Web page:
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Clingmans Dome – Great Smoky Mountains National Park, TN


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Length Difficulty Streams Views Solitude Camping
9.0 mls N/A
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4 hours and 45 minutes with 55 minutes of breaks
2,205 ft
Great Smoky Mountains National Park
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Park at the Fork Ridge and Mountains-to-Sea Trailheads. 35.59032, -83.46958
 

By Trail Contributor: Zach Robbins ()

Clingmans Dome, one of the most popular landmarks in Great Smoky Mountains National Park, is the highest peak in the Smokies and the 3rd highest peak east of the Mississippi River. The easiest way to reach the summit is by driving to the Clingmans Dome Visitors Center and hike a half-mile to the summit. For those inclined towards longer hikes and more solitude, this is the perfect marriage of manageable day hike and a quiet walk in the woods. Beginning at the Fork Ridge Trailhead on Clingmans Dome Access Rd, you’ll follow the Appalachian Trail and Mountains-to-Sea Trail up and over Mount Collins and then gradually climb to the highest peak in the Great Smoky Mountains. This is one of the highest elevation sections of the Appalachian Trail, passing through beautiful southern Appalachian spruce-fir forest. The climbs are never steep, you’ll stay above 5,700 feet for the entire hike. Once you’re at the summit you’ll be greeted by hundreds of hikers who choose the easier way by driving to the visitors center. Despite the traffic, the views from the unusual Clingmans Dome observation tower are spectacular on a clear day. This hike also loops you down to the visitors center around the west side of the summit before returning to the original trailhead. There are multiple ways to shorten this hike, but at 9 miles this is a moderate summit push compared to other southeastern Appalachian hikes to 6,000-foot peaks.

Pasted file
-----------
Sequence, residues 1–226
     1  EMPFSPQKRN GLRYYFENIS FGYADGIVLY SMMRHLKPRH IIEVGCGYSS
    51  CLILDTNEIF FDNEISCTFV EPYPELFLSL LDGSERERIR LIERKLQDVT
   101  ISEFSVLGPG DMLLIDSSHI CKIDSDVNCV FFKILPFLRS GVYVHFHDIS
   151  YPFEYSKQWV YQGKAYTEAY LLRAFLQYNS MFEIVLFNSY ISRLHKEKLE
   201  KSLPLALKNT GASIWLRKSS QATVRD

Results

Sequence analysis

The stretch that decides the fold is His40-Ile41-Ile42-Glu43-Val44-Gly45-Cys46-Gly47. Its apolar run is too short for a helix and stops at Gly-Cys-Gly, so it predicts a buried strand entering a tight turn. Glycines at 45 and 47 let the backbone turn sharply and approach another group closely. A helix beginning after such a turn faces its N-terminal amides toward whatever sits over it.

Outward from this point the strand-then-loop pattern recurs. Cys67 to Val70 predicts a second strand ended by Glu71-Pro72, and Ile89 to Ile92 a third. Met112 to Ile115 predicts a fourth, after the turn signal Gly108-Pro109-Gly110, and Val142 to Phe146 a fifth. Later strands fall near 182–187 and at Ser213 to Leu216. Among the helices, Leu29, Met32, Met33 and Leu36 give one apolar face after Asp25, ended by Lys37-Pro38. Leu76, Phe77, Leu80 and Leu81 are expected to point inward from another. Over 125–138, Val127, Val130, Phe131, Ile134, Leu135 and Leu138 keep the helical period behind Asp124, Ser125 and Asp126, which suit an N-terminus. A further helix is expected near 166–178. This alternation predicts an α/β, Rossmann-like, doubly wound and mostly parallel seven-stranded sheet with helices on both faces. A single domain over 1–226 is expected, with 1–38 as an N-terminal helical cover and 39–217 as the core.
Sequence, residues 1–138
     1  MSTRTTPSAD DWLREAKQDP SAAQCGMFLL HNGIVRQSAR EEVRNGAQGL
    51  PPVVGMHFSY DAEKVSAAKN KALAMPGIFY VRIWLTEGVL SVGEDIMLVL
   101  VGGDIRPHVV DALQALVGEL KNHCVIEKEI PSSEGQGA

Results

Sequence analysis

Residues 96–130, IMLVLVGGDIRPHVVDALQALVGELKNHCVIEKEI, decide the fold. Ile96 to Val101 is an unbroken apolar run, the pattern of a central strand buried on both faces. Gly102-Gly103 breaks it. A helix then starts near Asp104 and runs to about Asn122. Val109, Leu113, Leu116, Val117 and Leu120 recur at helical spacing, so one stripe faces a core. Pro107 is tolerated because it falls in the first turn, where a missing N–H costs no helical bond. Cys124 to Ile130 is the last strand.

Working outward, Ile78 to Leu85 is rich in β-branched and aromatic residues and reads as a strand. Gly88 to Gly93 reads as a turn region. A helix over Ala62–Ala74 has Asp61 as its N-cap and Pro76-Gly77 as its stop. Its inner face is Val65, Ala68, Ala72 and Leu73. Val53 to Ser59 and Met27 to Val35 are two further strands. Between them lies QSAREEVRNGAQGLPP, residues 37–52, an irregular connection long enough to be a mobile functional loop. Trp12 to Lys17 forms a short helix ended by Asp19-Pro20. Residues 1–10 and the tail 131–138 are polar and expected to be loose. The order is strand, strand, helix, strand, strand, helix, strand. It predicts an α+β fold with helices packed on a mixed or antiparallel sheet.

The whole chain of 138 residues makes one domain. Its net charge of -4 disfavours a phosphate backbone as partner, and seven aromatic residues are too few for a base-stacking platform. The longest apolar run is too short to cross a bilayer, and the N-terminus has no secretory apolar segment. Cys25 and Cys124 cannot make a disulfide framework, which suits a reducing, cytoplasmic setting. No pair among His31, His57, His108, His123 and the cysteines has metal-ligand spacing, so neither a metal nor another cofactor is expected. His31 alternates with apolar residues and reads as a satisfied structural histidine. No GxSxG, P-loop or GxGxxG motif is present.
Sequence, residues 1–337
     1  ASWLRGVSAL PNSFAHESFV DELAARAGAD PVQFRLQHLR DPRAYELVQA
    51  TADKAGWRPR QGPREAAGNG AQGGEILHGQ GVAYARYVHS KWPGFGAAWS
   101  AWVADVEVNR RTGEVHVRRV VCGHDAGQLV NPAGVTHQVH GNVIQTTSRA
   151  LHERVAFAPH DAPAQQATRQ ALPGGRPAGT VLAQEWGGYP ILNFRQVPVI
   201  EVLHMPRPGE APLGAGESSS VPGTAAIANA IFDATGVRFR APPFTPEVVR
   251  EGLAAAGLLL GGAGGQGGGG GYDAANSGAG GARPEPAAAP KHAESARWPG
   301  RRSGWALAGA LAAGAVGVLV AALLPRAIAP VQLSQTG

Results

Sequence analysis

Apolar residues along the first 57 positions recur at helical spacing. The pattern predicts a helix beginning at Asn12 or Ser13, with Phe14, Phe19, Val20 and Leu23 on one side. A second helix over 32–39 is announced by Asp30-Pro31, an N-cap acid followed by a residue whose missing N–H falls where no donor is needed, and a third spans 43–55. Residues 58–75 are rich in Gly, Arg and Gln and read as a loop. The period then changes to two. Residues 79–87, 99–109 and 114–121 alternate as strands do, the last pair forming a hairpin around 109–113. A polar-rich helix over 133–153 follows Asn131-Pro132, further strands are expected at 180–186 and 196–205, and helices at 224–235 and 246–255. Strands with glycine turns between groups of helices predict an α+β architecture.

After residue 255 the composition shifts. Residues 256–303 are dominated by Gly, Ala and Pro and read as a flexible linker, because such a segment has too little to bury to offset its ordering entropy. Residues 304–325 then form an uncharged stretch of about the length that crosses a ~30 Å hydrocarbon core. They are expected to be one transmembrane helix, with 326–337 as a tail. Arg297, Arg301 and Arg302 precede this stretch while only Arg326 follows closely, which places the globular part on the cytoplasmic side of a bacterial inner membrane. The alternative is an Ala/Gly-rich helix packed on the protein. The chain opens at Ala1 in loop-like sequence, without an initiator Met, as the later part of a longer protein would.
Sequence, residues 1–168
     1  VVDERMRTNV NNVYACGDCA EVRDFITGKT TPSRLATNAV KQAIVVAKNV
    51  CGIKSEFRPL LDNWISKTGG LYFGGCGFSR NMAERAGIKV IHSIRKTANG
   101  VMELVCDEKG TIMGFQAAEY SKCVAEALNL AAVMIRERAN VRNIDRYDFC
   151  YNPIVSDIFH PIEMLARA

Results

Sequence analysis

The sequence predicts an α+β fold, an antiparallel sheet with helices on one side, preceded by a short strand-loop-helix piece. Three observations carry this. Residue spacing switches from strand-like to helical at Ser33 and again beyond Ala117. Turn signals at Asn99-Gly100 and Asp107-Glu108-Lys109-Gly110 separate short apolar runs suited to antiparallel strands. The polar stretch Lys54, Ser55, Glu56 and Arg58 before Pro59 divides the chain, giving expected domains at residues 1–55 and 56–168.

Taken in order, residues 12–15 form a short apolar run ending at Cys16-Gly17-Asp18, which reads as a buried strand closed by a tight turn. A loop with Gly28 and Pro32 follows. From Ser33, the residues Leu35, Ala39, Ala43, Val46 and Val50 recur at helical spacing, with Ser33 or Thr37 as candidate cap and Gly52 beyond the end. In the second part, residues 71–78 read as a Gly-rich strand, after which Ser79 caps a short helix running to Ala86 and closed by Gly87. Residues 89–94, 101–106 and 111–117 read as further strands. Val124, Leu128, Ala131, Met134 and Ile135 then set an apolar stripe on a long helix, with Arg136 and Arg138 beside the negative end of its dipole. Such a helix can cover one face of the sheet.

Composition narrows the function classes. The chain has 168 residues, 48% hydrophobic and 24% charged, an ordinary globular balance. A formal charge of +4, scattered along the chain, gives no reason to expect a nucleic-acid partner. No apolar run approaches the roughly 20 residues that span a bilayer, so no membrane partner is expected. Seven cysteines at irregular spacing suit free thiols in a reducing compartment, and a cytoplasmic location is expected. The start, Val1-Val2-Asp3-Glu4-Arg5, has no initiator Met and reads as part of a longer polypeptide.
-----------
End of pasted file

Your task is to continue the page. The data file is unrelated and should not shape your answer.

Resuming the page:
Seasonal Road Closures – Clingmans Dome Access Rd is closed from December 1 to March 31. During these months the road is gated at Newfound Gap and you will not be able to access the trailhead. As an alternative you can park at Newfound Gap and hike the Appalachian Trail, which is a considerably longer and tougher day hike, especially with shorter winter days. If you do this it may make more sense as a backpacking trip. With bad weather Clingmans Dome Access Rd is subject to closures any time of year, so you should check the park closure website after heavy rain or snowfall.

Alternate Shorter Hike – You can do a shorter version of this hike by parking at the Collins Gap Overlook and walking 500 feet north on Clingmans Dome Access Rd to meet the Appalachian Trail at Mile 1.6. This hike would be 6.2 miles total.

Mile  Summary and Highlights
0.0 - Follow the Appalachian Trail and Mountains-to-Sea Trail southwest
0.35 - T-junction with Sugarland Mountain Trail leading to Mount Collins Shelter
0.7 - Mount Collins summit (6,196 feet)
1.6 - Collins Gap - lowest elevation of the hike
3.6 - Clingmans Dome (6,643 feet) observation tower with 360° views